UPDATED – March 12, 2014
Well, in the world of travel distribution on the OTA side of the equation, if Travelocity was the “come home to papa” story, then Orbitz is the “child running as far away from the parents as possible” story. Well, at least one of its parents…. more on that later.
Orbitz was founded by four airlines (Continental, United, Delta and Northwest) and was later joined by American Airlines.
The airlines invested $145 million to try to reduce their distribution costs through other channels by directly connecting to the founding partner airlines and bypassing the GDS. All other availability for air, car, hotel, cruise, etc. came from a long term deal that Orbitz struck with Worldspan, who was then, still owned by Delta, Northwest and TWA, (which had just merged with American). This kept things “in the family”. And to make things really cozy, the airlines hired former Sabre CEO, Jeff Katz.
Well, one part of that strategy worked. By the time the 2003 Travel Weekly Power List was published, Orbitz had become the 9th largest travel agency in the US. But it had not yet succeeded in displacing either Travelocity or Expedia in the top OTA spot. It is well known that the code name for Orbitz before launch was T2, short for Travelocity Terminator.
Instead of staying the course as sole owners of Orbitz, the airlines decided to file an IPO in December of 2003, raising $316.7 million, giving them a much needed cash infusion. The airline owners did however retain 90% of the voting control and 70% of the ownership.
In September of 2004, it was time to cash out. The company was sold to Cendant in September of 2004 for $1.25 billion. Now that is what I call a good return on investment.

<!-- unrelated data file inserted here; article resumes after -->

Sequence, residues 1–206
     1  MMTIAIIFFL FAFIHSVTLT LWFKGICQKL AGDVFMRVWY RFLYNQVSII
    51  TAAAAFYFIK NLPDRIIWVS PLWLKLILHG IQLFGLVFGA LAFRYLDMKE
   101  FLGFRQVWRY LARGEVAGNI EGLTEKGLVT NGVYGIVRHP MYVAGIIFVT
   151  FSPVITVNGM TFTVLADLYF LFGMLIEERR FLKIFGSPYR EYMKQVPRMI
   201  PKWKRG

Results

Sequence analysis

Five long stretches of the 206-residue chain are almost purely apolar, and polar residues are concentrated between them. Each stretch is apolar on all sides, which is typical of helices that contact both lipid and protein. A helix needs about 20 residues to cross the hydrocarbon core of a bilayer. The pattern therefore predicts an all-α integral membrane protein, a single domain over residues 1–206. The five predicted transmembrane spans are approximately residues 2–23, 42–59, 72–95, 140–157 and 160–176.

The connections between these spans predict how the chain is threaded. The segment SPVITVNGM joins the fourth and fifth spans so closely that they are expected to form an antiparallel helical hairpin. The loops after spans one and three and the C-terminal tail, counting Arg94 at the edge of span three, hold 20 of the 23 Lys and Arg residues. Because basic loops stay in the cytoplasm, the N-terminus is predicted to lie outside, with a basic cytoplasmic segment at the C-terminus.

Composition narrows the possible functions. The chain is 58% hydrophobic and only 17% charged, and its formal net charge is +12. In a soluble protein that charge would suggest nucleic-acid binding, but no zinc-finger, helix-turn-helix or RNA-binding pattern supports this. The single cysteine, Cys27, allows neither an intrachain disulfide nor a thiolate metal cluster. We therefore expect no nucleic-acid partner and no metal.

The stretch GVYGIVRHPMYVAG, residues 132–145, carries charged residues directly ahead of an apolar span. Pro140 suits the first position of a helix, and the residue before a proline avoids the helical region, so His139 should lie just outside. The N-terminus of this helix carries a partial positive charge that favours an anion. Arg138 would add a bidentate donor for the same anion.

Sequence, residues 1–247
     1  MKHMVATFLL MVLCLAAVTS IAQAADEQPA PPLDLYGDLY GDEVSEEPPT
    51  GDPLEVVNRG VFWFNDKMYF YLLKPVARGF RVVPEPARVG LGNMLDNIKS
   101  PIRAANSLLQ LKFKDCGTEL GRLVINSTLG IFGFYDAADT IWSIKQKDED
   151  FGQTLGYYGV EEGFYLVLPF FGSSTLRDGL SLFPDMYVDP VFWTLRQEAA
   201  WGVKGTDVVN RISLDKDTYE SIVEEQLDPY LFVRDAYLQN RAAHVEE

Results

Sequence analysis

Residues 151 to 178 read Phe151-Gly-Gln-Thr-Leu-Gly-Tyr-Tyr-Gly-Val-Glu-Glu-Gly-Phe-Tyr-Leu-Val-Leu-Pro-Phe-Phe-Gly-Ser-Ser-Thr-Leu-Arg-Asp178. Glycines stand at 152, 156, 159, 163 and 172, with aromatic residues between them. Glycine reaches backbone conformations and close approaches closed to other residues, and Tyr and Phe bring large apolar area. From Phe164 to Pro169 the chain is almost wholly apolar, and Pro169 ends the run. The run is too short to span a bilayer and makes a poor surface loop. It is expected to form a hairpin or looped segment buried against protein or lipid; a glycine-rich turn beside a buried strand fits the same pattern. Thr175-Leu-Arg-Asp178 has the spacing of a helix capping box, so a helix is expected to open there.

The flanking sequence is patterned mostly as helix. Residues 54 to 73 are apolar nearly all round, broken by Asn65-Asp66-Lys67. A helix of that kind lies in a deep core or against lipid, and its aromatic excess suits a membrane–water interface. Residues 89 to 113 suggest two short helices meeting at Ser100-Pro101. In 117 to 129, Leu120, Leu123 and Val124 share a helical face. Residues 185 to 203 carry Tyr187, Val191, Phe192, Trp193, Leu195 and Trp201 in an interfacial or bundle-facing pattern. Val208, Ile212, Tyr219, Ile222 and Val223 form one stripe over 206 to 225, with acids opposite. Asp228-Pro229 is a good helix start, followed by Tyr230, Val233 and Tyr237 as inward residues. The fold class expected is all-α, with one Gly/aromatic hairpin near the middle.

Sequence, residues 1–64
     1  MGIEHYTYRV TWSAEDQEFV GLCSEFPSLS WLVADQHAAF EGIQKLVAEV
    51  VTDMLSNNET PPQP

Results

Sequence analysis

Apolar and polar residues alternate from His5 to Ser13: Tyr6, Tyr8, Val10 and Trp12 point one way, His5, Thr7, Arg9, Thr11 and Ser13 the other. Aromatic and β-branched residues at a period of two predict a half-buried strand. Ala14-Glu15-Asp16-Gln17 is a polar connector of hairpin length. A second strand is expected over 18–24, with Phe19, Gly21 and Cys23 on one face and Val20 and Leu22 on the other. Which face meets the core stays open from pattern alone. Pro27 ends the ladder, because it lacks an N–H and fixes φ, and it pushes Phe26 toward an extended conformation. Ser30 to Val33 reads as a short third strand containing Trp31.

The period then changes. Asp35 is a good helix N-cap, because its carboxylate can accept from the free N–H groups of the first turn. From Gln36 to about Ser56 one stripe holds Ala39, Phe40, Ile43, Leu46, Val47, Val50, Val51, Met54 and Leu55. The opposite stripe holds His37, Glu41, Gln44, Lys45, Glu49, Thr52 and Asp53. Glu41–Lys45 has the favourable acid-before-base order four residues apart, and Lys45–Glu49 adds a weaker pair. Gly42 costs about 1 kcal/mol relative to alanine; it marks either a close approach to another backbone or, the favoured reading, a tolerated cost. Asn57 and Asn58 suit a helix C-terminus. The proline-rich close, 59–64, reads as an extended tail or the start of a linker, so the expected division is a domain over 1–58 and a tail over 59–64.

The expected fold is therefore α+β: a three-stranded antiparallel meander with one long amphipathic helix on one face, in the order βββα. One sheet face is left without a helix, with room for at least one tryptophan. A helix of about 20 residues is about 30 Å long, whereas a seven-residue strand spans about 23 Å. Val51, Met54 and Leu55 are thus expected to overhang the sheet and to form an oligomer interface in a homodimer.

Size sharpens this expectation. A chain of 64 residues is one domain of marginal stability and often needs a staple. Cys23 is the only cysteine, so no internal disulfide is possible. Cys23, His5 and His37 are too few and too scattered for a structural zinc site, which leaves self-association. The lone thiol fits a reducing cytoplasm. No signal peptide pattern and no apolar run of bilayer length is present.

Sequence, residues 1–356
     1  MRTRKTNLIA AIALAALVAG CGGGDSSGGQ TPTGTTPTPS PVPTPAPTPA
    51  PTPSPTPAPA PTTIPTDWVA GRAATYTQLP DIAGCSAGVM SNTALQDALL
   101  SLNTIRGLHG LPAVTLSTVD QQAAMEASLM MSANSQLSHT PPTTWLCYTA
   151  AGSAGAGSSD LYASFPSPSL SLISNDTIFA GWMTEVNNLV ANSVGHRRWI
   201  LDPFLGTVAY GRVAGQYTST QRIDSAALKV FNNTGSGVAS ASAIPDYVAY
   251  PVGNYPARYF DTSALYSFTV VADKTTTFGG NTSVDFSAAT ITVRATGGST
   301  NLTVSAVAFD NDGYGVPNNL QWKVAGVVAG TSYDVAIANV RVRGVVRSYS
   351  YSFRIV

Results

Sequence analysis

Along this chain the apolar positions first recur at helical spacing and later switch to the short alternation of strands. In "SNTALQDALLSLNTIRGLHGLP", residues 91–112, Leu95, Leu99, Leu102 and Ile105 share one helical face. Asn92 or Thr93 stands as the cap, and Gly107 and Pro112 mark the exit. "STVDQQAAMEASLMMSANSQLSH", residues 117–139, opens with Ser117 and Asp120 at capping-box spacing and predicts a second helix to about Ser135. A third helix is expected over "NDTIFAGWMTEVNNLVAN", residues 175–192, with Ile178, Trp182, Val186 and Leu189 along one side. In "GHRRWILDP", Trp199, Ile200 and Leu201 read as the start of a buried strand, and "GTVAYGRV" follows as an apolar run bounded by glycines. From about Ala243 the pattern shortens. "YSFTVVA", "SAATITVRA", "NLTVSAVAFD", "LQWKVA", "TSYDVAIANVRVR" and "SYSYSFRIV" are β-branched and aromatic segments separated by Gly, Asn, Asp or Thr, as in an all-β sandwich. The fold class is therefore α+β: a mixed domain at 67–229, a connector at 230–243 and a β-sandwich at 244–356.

Cendant rolled Orbitz into its Travel group, which was later renamed Travelport, after one of Cendant’s acquisitions in the corporate travel arena. The old Travelport group in Seattle then merged their business in with Orbitz for Business, its former rival. Mitch Truwit took the helm in January of 2005.
In June of 2006, Blackstone acquired Travelport for $4.3 billion. Orbitz was included in the sale, but continued to operate as a separate business unit under the leadership of Steve Barnhart, who in 2009 left with a $2 million severance package after taking the company public in 2007, with a lackluster IPO that raised just $150 million. Travelport continues to own approximately 45% of the company’s stock.
Former Expedia executive, Barney Harford was hired in 2009 to replace Barnhart. He is still running Orbitz, which has a market cap of $977.52 million in March 2014, up from $233.83 million in June 2011.
Still, the shares are still well below the 2004 acquisition price of $1.25 billion, but the trend line is distinctly positive. over the long haul, with a strong recovery from the economic crisis beginning in early 2013.
Orbitz looks the closest of the OTAs to its original site, as they launched a full 5 years after Expedia and Travelocity and were able to learn and take advantage of the maturity of the Internet as a channel for selling travel.
for bank loyalty programs and online commerce sites. The operations of
the Travelocity Partner Network will be integrated into the Orbitz
“The acquisition of Travelocity Partner Network
assets will accelerate our growth in the private label space and expand
the range of customized solutions we are able to offer to customers, in
particular in the loyalty area,” said Ronnie Gurion,
president of Orbitz Partner Network. “We look forward to welcoming the
customers and employees of the Travelocity Partner Network to Orbitz Worldwide.”
entered into a subscriber services agreement with Travelport that
included certain exclusivity provisions for its global distribution
services. From Jan. 1, 2015, Orbitz Worldwide will no longer be subject to these exclusivity provisions.
Stay tuned. Next in the Travel Industry Pedigree Series turns to Europe and OPODO, the European cousin of Orbitz.